• 3. Guys, we got to create anorganization to handle this stuff
  • 4. Individuals handling YAPC finances is risky
  • 5. Individuals handling YAPC finances is riskyWe can’t keep profits for the year after, so we can never grow
  • 6. Individuals handling YAPC finances is riskyWe can’t keep profits for the year after, so we can never growBesides, where’s our version of TPF?
  • 7. You do it, then! :)
  • 8. • You need the funding. They have it• They are the ones actually hiringperl programmers• They are the ones who need moreperl programmers• They are the ones with the reach toengineers
  • 9. • You need the funding. They have it• They are the ones actually hiringperl programmers• They are the ones who need moreperl programmers• They are the ones with the reach toengineers
  • 10. • You need the funding. They have it• They are the ones actually hiringperl programmers• They are the ones who need moreperl programmers• They are the ones with the reach toengineers
  • 11. • You need the funding. They have it• They are the ones actually hiringperl programmers• They are the ones who need moreperl programmers• They are the ones with the reach toengineers
  • 12. • You need the funding. They have it• They are the ones actually hiringperl programmers• They are the ones who need moreperl programmers• They are the ones with the reach toengineers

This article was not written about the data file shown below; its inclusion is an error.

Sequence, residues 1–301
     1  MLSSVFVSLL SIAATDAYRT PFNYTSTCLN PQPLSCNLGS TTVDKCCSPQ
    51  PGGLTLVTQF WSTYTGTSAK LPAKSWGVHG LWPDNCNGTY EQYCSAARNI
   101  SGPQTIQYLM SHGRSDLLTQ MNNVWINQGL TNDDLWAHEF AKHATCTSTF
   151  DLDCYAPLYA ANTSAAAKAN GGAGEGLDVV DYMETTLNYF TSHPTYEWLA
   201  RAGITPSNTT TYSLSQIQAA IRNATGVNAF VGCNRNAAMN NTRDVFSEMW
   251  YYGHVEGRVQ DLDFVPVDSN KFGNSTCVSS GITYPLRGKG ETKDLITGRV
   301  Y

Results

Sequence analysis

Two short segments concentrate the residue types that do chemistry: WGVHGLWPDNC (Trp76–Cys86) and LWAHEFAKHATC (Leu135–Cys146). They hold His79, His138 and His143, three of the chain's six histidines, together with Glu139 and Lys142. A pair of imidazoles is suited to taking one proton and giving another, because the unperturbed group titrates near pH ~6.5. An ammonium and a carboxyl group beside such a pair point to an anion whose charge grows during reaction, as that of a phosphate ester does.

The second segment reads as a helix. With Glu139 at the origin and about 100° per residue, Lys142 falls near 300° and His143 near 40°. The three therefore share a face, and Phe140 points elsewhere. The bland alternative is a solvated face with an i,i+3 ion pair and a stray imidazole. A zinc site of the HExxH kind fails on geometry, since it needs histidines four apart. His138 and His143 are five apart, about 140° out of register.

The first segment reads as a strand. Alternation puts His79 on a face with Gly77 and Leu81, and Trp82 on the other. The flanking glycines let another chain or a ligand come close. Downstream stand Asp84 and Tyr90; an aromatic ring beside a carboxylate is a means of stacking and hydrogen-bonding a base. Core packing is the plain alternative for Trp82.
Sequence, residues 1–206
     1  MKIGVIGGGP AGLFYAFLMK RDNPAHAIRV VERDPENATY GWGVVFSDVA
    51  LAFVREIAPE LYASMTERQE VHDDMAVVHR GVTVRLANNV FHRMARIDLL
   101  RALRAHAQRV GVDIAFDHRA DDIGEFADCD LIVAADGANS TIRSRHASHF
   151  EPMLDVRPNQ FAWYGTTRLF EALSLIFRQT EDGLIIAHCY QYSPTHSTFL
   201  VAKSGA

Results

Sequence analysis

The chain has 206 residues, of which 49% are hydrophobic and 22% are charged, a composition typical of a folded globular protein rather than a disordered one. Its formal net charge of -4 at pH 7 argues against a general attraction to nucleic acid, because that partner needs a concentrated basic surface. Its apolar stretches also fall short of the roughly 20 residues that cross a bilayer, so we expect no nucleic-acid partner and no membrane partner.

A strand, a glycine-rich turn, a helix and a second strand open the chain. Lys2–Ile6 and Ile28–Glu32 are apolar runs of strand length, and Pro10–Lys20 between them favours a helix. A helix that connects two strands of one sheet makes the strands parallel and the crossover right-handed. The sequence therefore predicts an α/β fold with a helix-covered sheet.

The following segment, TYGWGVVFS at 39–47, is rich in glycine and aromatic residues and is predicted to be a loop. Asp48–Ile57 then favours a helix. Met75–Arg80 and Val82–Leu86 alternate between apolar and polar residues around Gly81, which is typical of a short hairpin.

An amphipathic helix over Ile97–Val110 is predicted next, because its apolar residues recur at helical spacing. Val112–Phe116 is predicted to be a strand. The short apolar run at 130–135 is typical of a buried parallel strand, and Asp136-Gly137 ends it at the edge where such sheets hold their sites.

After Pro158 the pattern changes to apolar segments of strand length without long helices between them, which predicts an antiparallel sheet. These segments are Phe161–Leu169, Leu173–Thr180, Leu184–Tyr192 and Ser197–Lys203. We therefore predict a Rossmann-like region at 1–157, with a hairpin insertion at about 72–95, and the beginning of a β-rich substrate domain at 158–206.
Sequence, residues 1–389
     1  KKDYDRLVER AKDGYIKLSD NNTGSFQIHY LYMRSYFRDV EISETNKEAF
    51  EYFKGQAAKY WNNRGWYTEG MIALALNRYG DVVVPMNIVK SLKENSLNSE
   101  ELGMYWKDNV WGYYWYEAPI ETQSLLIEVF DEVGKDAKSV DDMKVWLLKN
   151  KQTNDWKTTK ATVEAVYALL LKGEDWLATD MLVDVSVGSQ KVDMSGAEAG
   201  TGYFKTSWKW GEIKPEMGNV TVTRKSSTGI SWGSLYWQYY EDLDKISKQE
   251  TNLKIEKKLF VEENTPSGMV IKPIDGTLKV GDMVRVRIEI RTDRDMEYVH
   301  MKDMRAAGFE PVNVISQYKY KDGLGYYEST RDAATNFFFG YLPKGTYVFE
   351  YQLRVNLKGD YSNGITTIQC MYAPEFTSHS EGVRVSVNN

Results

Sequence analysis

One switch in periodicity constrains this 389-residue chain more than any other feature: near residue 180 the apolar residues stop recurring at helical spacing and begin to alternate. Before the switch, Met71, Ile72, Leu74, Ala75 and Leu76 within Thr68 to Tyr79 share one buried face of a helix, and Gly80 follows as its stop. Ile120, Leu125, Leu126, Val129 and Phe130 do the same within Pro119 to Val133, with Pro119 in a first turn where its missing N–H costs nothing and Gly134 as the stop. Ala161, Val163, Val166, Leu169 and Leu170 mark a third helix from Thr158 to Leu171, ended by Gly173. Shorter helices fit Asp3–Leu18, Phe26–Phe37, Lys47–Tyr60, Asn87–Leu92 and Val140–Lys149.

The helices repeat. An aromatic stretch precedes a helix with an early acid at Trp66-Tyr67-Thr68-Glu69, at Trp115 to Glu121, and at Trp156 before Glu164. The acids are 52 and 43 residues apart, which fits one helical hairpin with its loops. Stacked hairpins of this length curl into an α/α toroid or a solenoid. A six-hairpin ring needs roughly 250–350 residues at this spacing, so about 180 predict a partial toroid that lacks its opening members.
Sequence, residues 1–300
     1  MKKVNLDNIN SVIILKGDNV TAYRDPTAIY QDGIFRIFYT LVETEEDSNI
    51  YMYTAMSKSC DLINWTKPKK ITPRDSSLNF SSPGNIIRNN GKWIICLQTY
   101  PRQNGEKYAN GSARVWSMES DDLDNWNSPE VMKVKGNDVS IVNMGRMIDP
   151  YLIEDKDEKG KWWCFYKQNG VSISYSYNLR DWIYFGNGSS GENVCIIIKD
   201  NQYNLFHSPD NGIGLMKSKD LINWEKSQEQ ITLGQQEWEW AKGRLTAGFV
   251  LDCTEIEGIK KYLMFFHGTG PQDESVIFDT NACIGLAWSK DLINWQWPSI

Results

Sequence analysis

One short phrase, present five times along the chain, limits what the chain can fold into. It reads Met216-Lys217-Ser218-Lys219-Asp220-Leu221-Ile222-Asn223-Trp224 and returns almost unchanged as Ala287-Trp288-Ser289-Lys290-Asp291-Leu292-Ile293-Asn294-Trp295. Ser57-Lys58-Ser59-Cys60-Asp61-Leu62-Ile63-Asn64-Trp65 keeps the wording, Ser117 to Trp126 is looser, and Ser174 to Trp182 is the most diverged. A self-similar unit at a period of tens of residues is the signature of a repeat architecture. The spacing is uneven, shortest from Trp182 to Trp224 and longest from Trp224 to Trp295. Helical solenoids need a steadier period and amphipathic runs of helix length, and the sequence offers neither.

• 13. • Visited, talked to about 20 companies• All were looking for good perlprogrammers • Teaming with HR ++• Most of them later became oursponsors
  • 14. • Good: Perl is cool• Bad: • Hard for newbies • People don’t know who/where to turn to for help • “Isn’t there an organization behind this technology???”
  • 15. • Incorporated 2008 Dec• “Officially” launched 2009 Apr• 20+ sponsors
  • 16. • 5 directors • Currently from Mixi DeNA Livedoor• Bi-monthly meetups• Sub-committees for projects
  • 17. • SNS / Social Games • • •• Portal, etc •• Blog • •
  • 18. • Hosting, etc • •• Systems Development CMYK • • • RGB • • Wano • •
  • 19. • Keyword is “Employment”• Make it easier for new comers todelve into Perl and its ecosystem• Make it easier for companies to hire/train Perl engineers
  • 20. • Perl Promotion (events)• Networking• Education (for new comers)
  • 21. • Mr. Kushii (941) • mastermind behind many, many events• YAPC::Asia Tokyo 2010’s success is because ofhim.• Brought him in because we (engineers) SUCK atdelivering a good show
  • 22. • Mr. Kushii (941) • mastermind behind many, many events• YAPC::Asia Tokyo 2010’s success is because ofhim.• Brought him in because we (engineers) SUCK atdelivering a good show
  • 23. • Paid in premium Sushi
  • 24. • Serial installments of “Perl Hackers Hub”• Each article by a different Perl hacker• JPA does some supervising on the article• Credit goes to Yappo
  • 25. • Japan: Everything is EXTREMELY concentrated inthe greater Tokyo Area• Regional Perl Mongers • We want their input, resources • They want people from Tokyo to share the knowledge, rally local IT industry
  • 26. Fukuoka.pm 2009
  • 27. Kansai.pm 2009
  • 28. Okayama.pm 2010